Over the past century, a great deal of academic ink has been shed over the Biblical term “Son of Man.” For some decades, scholars have known that that discussion has been seriously skewed by a serious error or distortion, but that realization has not yet reached a general audience. When it does, a few thousand sermons might need to be rewritten.
In the gospels, Jesus often uses the term “Son of Man,” which has multiple meanings depending on context. In some cases, it means just a human being, or is a deprecating way of referring to oneself (loosely, “This guy here thinks…”) On other occasions, it evokes a famous messianic image in Daniel 7:
n my vision at night I looked, and there before me was one like a son of man, coming with the clouds of heaven. He approached the Ancient of Days and was led into his presence. He was given authority, glory and sovereign power; all nations and peoples of every language worshiped him. His dominion is an everlasting dominion that will not pass away, and his kingdom is one that will never be destroyed.
In Daniel, the phrase is best translated “one in human form,” but the phrase Son of Man did acquire messianic implications, as suggested by the way we often capitalize it. From many instances, see Jesus’ declaration that “The Son of Man will send out his angels, and they will weed out of his kingdom everything that causes sin and all who do evil.”
The idea has attracted a huge literature, much of which focuses on one vital non-canonical document, namely 1 Enoch. Not only does the text repeatedly speak of the Son of Man, but it does so in explicitly messianic language: “And this Son of Man whom thou hast seen shall raise up the kings and the mighty from their seats, [and the strong from their thrones] and shall loosen the reins of the strong, and break the teeth of the sinners” (46.4).
So thoroughly do these passages seem to prefigure the later Christian use of Son of Man that a few scholars have argued that the relevant section of 1 Enoch is a later Christian interpolation. That view, though, does not command much support. A Christian interpolator would have made the Jesus references much more clumsily explicit, as such later editors usually did. Subtlety was not their strong suit.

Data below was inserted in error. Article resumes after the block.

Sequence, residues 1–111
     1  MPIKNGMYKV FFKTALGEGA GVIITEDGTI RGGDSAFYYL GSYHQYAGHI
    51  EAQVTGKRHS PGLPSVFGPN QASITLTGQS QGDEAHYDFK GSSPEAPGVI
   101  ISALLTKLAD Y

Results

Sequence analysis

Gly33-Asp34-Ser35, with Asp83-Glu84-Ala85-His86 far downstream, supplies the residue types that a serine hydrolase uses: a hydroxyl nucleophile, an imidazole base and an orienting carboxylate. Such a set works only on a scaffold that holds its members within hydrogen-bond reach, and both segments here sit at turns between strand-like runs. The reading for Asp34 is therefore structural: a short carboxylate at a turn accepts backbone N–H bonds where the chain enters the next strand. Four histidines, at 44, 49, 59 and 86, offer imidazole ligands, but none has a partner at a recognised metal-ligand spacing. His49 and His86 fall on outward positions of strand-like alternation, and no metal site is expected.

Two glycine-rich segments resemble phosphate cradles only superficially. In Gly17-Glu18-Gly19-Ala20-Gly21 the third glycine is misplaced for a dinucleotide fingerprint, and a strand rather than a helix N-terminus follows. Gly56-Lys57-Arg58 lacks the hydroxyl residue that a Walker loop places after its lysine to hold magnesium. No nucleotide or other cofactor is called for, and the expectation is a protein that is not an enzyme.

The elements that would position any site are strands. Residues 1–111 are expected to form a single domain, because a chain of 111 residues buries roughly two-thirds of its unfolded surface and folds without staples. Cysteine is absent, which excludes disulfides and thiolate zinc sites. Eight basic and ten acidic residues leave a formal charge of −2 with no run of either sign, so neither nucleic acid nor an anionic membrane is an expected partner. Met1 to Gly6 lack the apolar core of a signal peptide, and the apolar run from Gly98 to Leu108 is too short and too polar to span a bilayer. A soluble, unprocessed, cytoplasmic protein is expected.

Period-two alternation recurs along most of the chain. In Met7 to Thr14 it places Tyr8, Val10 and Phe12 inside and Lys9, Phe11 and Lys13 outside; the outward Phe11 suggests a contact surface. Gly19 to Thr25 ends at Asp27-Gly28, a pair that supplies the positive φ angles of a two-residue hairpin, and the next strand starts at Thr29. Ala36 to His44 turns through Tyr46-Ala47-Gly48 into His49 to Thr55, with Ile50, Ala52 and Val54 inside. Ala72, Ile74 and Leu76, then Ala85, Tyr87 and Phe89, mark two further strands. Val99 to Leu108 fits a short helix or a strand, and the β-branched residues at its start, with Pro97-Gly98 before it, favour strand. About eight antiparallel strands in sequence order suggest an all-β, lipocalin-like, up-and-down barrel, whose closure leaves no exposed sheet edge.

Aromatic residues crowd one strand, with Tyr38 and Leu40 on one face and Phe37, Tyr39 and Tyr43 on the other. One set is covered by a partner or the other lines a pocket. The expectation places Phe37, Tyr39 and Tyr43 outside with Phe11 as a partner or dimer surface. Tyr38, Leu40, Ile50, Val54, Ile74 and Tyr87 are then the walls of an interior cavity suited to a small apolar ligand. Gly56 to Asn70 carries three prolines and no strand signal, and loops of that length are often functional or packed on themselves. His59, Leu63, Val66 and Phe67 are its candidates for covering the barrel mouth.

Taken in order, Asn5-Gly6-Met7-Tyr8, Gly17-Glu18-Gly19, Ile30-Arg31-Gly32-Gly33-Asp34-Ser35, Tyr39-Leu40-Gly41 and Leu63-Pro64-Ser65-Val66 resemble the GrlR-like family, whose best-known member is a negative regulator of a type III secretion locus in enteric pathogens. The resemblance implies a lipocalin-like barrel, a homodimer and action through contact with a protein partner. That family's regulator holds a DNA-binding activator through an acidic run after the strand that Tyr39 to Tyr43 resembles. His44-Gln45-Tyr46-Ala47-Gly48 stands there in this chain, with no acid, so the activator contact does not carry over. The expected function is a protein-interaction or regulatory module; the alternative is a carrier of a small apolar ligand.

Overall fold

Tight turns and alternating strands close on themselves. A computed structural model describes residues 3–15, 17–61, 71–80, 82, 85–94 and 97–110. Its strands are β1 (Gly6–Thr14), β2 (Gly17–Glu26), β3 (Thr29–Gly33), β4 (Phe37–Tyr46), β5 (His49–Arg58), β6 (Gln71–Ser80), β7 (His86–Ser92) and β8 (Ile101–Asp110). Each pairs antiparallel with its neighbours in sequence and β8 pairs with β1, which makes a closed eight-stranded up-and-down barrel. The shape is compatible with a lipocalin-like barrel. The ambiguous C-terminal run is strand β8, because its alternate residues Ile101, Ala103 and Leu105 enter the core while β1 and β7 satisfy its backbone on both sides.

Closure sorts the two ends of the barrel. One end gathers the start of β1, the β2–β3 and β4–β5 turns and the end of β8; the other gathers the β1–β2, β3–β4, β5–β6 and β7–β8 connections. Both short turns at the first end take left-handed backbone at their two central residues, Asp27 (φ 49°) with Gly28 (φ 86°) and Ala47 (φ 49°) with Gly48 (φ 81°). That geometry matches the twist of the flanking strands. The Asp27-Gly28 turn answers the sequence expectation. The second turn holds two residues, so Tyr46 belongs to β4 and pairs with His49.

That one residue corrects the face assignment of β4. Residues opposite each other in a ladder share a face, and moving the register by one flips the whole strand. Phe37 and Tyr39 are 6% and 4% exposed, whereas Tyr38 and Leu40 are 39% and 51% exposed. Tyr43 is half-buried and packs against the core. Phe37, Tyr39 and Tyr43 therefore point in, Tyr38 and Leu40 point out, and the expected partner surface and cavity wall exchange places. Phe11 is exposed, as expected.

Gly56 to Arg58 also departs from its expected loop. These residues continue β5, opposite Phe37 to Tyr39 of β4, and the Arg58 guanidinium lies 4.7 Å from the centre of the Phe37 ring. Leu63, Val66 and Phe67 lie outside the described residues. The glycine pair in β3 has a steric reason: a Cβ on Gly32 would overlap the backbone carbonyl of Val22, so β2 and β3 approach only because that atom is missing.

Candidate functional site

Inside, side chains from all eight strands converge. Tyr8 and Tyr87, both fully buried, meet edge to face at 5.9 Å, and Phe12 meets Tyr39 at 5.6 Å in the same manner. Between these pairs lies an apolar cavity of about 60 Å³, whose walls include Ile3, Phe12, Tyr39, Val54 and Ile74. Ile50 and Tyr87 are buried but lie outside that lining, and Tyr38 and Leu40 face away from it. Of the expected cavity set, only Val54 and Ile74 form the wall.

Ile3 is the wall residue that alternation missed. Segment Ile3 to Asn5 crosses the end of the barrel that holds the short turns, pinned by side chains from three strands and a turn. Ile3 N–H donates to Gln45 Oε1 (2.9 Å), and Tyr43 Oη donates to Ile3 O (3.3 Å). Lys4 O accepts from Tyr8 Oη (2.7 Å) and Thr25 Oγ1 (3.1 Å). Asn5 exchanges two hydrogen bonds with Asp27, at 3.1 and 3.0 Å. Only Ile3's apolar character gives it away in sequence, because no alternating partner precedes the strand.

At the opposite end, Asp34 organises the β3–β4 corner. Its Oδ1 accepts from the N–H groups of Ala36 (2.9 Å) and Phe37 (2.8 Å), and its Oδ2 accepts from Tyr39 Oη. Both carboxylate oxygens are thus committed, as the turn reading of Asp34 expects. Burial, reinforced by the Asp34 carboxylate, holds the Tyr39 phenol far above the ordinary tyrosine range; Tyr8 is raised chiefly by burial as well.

So here, surely, we have Jesus’ source for the “Son of Man” idea?
But here’s the problem. Like many writers, I have used the text of Enoch from the well-known collection by R. H. Charles, The Apocrypha and Pseudepigrapha of the Old Testament (Clarendon Press, 1913), which has long been a scholarly mainstay. It is easily accessible, and the fact it is out of copyright means that I can download passages directly, as I have done here. Charles’s translation of the Son of Man section culminates thus:
And he [i.e. the angel] came to me [ie Enoch] and greeted me with His voice, and said unto me "This is the Son of Man who is born unto righteousness, and righteousness abides over him, and the righteousness of the Head of Days forsakes him not." (71.14-15)
That verse in particular is massively used in scholarship on Jesus and his times, and his conception of himself and his messianic role. But now contrast this with a modern translation of the same verse:
You are the Son of Man who was born to righteousness, and righteousness reigns over you, and the righteousness of the Head of Days will not leave you.
This is from Miryam T. Brand, “1 Enoch,” in Louis H. Feldman, James L. Kugel and Lawrence H. Schiffman, eds., Outside the Bible (Philadelphia: Jewish Publication Society, 2013), vol. ii, 1399. That’s not just a shift of nuance. In this translation – and in
all reputable modern versions – there is no doubt whatever that the Son of Man is not a dreamed-of messiah that is yet to come, it is Enoch himself. That point was made clearly by the authoritative edition of the Old Testament Pseudepigrapha edited by James H. Charlesworth in the early 1980s.
In the most favorable view, Charles made a grievous error back in 1913, and one that has echoed through generations of later writing and preaching. His version leaves open the door that the text might prefigure Christ, rather than a named Old Testament person. And it doesn’t.
The question must remain: was his mistranslation deliberate?
This story raises troubling questions about the number of things we take to be obviously true, but which derive from simple academic error.
Philip Jenkinsis a Distinguished Professor of History at Baylor Universityand author ofThe Great and Holy War: How World War I Became a Religious Crusade.